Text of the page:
Federal High Court declares appointment of Inspector-General of police unlawful, unconstitutional

Federal High Court declares appointment of Inspector-General of police unlawful, unconstitutional

Justice Fatun Riman of the Federal High Court sitting in Awka has declared the appointment and continued stay in office of the Inspector-General of Police, Usman Alkali Baba, as “unlawful and unconstitutional.”

The court made this pronouncement in its judgment in a suit filed by Okechukwu Nwafor, a taxpayer, marked FHC/AKW/CS/58/2023.

Justice Riman stated that only an officer within the listed rank, with a minimum of four (4) years of service, can be appointed as Inspector-General of Police, and that Alkali Baba does not meet this requirement. Consequently, the court ordered Alkali Baba to cease parading himself as the Inspector-General of Police.

Additionally, the court directed the President to convene a meeting of the Nigeria Police Council to appoint a new Inspector-General of Police, who will serve for a four-year term.
The defendants in the suit include the President of the Federal Republic of Nigeria, Usman Alkali Baba, the Attorney General of the Federation and Minister of Justice, and the Nigeria Police Council.

The judgment, delivered on May 19, emphasizes the court’s interpretation of relevant constitutional provisions, particularly Sections 215 (a) and 216 (2) of the 1999 Constitution of the Federal Republic of Nigeria (as amended) and Sections 7 (2) & (6) and 18 (c) of the Nigeria Police Act, 2020.
According to the court, Alkali’s appointment violates these provisions, thereby rendering it unlawful and invalid.

Furthermore, the court declared that Alkali Baba is not qualified to hold the office of the Inspector-General of Police due to the absurdity that would result from such an appointment, which would amount to a complete breach of Section 7 (6) of the Nigeria Police Act, 2020.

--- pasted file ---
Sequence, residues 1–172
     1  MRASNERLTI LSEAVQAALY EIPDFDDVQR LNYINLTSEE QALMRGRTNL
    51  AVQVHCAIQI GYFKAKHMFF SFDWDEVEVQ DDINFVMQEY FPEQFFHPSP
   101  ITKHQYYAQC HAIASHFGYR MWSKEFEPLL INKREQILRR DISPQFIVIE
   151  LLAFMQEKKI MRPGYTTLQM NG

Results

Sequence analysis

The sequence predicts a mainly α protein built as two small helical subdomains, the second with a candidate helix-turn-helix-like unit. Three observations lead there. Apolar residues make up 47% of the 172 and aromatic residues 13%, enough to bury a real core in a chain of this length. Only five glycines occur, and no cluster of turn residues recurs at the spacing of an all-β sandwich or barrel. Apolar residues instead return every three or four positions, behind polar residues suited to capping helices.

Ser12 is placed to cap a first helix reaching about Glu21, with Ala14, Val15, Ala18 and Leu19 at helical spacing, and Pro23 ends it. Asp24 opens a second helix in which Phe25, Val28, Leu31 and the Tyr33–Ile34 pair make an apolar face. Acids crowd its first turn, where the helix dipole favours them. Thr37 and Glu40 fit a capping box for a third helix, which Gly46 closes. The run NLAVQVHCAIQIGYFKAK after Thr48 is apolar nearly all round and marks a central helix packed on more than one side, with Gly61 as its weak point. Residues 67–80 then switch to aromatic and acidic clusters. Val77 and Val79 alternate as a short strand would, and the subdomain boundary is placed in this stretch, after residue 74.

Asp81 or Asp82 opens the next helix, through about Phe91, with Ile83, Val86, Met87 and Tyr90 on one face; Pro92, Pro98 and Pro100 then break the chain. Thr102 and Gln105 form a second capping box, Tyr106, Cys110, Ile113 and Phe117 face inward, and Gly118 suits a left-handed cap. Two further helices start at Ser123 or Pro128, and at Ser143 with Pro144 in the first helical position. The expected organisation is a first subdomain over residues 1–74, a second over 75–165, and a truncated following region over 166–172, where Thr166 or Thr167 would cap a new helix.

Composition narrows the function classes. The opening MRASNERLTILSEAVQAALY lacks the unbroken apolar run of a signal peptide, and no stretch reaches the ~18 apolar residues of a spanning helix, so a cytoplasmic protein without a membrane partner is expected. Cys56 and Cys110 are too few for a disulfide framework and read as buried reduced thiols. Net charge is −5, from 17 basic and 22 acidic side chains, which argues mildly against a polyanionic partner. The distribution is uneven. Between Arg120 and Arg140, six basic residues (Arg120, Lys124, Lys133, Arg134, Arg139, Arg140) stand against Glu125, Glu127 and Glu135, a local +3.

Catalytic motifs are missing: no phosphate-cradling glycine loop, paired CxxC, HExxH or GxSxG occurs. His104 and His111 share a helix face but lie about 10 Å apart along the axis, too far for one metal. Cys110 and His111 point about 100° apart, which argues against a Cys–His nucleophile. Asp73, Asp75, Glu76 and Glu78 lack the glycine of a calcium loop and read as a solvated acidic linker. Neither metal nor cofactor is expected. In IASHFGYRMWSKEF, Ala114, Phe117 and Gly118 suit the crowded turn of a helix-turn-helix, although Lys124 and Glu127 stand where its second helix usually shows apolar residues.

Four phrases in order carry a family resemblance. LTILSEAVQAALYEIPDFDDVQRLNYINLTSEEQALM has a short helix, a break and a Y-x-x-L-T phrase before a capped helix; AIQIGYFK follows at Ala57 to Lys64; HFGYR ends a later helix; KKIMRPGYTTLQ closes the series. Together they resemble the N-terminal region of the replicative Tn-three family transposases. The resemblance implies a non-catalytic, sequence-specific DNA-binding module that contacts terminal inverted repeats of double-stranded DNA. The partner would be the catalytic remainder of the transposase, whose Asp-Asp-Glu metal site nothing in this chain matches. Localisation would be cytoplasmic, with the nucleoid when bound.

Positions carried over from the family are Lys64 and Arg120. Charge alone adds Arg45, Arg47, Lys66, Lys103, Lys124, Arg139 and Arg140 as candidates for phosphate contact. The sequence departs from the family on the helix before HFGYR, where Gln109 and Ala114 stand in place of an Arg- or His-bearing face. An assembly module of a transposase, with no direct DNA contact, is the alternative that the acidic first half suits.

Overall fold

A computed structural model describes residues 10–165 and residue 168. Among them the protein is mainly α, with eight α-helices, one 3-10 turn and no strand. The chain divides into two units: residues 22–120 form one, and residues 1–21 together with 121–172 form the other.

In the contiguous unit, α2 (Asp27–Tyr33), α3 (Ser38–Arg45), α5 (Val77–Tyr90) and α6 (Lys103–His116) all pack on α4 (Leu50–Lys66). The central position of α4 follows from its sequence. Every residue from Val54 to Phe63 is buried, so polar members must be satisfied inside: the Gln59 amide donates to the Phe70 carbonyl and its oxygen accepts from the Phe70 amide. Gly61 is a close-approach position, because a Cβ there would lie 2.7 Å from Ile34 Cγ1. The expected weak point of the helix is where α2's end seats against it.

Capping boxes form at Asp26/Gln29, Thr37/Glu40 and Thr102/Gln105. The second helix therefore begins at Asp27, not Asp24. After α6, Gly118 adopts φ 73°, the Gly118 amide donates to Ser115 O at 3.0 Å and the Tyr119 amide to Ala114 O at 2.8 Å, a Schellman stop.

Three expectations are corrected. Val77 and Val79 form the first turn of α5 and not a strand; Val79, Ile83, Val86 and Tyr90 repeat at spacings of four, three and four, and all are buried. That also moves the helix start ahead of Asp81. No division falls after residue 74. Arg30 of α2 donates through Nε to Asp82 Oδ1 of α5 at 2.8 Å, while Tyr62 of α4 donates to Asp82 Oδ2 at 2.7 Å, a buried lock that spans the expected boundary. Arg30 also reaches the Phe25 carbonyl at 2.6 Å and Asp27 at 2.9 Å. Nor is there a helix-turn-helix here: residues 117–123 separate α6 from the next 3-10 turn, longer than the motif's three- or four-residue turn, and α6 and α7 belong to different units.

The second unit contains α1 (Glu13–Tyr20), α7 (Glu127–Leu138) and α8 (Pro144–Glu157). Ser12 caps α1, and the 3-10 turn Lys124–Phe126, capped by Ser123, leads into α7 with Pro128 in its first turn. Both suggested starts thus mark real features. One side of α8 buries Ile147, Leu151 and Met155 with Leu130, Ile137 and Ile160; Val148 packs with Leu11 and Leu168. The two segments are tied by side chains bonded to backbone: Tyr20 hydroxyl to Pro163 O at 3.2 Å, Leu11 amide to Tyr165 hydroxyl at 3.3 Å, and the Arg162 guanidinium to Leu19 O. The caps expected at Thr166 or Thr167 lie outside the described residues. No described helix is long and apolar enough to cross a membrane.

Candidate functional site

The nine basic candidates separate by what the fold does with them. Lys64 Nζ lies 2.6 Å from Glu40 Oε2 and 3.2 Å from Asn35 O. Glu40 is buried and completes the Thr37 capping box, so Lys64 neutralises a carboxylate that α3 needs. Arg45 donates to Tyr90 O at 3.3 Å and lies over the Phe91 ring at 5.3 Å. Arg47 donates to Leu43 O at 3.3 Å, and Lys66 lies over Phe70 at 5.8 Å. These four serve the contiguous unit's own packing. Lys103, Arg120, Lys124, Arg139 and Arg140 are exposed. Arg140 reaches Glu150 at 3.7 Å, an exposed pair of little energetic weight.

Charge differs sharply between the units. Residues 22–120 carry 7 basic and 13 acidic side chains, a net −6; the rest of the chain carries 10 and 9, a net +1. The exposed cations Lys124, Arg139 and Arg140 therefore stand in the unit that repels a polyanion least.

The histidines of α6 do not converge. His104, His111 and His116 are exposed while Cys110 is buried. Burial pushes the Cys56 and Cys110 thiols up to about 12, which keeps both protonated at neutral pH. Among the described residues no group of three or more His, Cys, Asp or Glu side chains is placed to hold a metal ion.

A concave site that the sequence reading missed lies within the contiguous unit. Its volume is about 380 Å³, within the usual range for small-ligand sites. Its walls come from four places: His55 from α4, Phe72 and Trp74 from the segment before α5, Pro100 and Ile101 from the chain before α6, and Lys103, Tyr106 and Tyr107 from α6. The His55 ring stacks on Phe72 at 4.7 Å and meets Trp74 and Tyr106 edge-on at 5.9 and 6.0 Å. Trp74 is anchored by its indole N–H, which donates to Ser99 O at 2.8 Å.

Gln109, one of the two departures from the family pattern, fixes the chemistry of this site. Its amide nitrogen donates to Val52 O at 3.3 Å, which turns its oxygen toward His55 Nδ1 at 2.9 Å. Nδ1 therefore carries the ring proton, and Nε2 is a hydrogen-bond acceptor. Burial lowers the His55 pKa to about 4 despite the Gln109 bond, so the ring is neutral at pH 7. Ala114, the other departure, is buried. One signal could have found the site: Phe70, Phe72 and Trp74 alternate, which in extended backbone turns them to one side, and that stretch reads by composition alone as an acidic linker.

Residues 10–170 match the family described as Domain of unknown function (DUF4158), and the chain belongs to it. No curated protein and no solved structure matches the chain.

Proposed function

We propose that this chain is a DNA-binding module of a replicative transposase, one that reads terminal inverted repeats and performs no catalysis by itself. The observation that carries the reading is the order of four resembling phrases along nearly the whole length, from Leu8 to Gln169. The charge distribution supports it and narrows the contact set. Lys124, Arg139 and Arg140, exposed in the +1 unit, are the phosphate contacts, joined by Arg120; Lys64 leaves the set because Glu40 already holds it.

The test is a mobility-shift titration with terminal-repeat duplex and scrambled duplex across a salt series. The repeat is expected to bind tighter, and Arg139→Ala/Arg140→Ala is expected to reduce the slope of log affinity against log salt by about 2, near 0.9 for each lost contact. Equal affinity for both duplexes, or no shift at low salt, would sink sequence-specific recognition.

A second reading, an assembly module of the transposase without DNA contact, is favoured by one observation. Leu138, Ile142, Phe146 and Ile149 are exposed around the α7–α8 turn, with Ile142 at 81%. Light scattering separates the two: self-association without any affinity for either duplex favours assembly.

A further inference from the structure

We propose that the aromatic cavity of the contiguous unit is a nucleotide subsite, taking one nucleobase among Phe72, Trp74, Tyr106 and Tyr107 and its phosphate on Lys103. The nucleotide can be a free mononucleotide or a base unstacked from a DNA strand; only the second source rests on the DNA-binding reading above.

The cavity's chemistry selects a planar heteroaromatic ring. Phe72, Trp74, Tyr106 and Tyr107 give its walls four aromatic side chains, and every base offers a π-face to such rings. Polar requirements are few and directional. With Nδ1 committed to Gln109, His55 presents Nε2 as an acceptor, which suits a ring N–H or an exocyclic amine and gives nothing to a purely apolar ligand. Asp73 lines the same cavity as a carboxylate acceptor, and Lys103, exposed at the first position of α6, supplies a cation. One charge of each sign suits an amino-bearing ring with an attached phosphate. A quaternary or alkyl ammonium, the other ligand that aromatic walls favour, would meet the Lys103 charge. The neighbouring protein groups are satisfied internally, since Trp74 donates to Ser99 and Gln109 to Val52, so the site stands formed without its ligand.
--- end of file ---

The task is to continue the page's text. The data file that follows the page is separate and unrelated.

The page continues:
Justice Riman also ruled that the President has no authority to extend the retirement age of a police officer, as outlined in Section 18 (c) of the Nigeria Police Act, 2020.

Addressing the arguments put forward by the defendant’s counsel, the court noted that previous judgments on the interpretation of relevant provisions were not presented for examination in the counter affidavit or filed in court. Thus, the court concluded that those judgments could not guide its decision in this case.

The court highlighted that according to Section 215 (1) (6) of the Constitution, the President must appoint the Inspector-General of Police from serving members of the Nigeria Police Force on the advice of the Nigeria Police Council, which includes the President, Governors, Chairman of the Police Commission, and the Inspector-General of Police. It further noted that the tenure of the Inspector-General of Police would end in February 2020, four years from February 2021, and that Alkali Baba had reached the age of 60 on March 1, 2023, exceeding the mandatory retirement age as stipulated in the Federal Public Rules.

Justice Riman affirmed that the retirement age provision for public service officers, as stated in the Federal Public Rules, applies to the Inspector-General of Police, as the Nigeria Police Force is an authority established by the Federation.

The court emphasized that this retirement age requirement is also mirrored in Section 18 (c) of the Police Act, making it mandatory.
The court further highlighted that the President’s prerogative power is limited to the provisions of the Constitution and that the retirement of the Inspector-General of Police is a statutory and constitutional issue, which cannot be altered by any other law.

Regarding the plaintiff’s locus standi (the right to bring a case), the court noted that while it is a central concept in the administration of justice, it is not necessary for constitutional cases as it could impede the administration of justice.

The court recognized the liberalization of the concept of locus standi in constitutional matters and concluded that the plaintiff’s status as a Nigerian and taxpayer was not challenged and therefore satisfied the requirements.

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